“Scuolish” (aka “Superioriano”)

There’s no denying that Italy’s “Scuole Superiori” for interpreters and translators, along with scores of programs offering “master’s” degrees in “language mediation,” contribute to a glut of newly minted translators in the Italian market.

Obviously, the annual flood of graduates means increased competition among “into-Italian” translators. What is surprising is that many of these programs also promote the fantasy of the “bilingual” translator (see “Engliano,” for more on this topic) and encourage students to translate into a second or even third language.

The excerpts below are taken from texts translated by two different individuals. One is a “cum laude” graduate of the Gregorio VII “Scuola Superiore per Mediatori Linguistici e Culturali” and the examples were posted by him as a demonstration of his fine Italian -> English work. The other holds a degree from the Scuola Superiore di Lingue Moderne per Interpreti e Traduttori in Trieste and consults “widely” for translation agencies. Naturally, she claims to be “perfectly bilingual.”

They are just two examples of the thousands of translators encouraged by undergraduate- and graduate-level training programs to consider themselves bilingual and to market themselves as passive-language translators – and who, amazingly enough, go on to have careers not only as translators but as teachers of translation. No one apparently ever tells them that their English is bad and their translations are shameful.

Is this what it means to be bilingual? Is this clear, correct English? Judge for yourself:

Gregorio VII Example 1 In addiction to its endless technical and human resources, Linux clear versatility just represents a suitable tool for the national education system, especially for the Linguistics and Information Technology areas where the Italian Minister of Education Moratti signally failed to reach the goals of her announced reform of the education and training system because she wisely preferred a very urgent internal reform. With regard to schools, whether they are public or private, it is necessary to think about the way in which the future generations can be helped to be on a par with the world governing classes. Such technologic backwardness can not be accepted.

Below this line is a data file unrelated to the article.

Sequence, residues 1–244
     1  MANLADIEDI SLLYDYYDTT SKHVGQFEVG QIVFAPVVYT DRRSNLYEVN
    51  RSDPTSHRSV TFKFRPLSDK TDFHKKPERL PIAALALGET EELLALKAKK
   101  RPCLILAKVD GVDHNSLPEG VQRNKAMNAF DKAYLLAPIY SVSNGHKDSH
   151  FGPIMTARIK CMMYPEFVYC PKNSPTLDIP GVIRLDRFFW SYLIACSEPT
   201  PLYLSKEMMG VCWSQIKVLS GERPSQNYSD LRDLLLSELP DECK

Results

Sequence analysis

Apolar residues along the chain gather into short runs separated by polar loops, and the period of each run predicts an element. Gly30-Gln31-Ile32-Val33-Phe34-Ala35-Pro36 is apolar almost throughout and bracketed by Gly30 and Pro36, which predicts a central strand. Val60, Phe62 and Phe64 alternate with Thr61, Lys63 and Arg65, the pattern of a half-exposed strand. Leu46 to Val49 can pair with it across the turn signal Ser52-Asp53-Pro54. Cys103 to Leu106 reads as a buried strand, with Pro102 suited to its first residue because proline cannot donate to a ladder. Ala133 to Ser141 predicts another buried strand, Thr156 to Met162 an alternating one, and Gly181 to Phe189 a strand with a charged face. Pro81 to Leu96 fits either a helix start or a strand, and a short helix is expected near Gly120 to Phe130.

Gregorio VII Example 2

According to a study carried out by ISFOL (the Italian Institute for the Development of Workers’ Vocational Training), and put before the meeting called “ Creation of Sustainability “, 38 new career positions, which in the not far future are going to be highly requested and fundamental for an economy based on sustainable development, have been reported.

The purposes of this study lay on the necessity to identify new career positions being requested on the market in order to create a society which has to be conscious of the occupational demands, paying attention to everybody’s wellness, but also respecting the environment….

That of aquaculture is an expanding sector due to the huge and constant call for fish products. In this case, actual managers responsible for the management of high quality systems, so being the ones not only to know of biology and zootechnics basics, but also being able to choose productive strategies that will fit the market conditions, will be useful.

University of Trieste “In the meantime the Prime Minister Silvio Berlusconi has received a plea-letter by the lays of the centre-right … to ask for a “soft law” on the living will, which does not regulate in a strict way the issue and leaves space to the will of each person.”

“If you want to lose wait, you can just look at the pictures of these delicacies.”

“The password for those who decide to spend a holiday in this type of place is “leave home noisy things.”

“This is not the plot of a new film, but the incredible fact told today … of a young Sicilian couple. It all started with the honey money of the young Sicilians. A relaxing cruise, maybe too relaxing, especially for he man, who had to keep an eye on his wife. Because she, a blond 25-year-old, let herself go with a black waiter and had sexual intercourse. Just one, amongst the many had with her husband.”

“So there are 9 million Italians who uses homeopathy.”

“Captain Umberto Nobile, on board the airship Norge, was flying over the geographical north pole, leaving fall-down on the ice pack a Norwegian flag, as well as an Italian one and one U.S.

“Does the fact that the four beautiful ladies part of the government never object – unlike Rosy Bindi – make acceptable their beauty even if they do not have other qualities?”

Where the Gregorio VII program graduate sees “cum laude,” I see, instead, “grossa insufficienza.” What the translator from the University of Trieste calls “perfettamente bilingue,” I call “perfettamente vergognosa.” Yet this is the English that all too many translator-and-interpreter programs consider acceptable.

Here is a simple principle: Professional translators, translation educators, and translation-training programs should discourage students, administrators, instructors, and clients from providing, accepting, or promoting written translation services into a second or other language.

Why would so many translators—and so many translator-training programs—reject such a principle?

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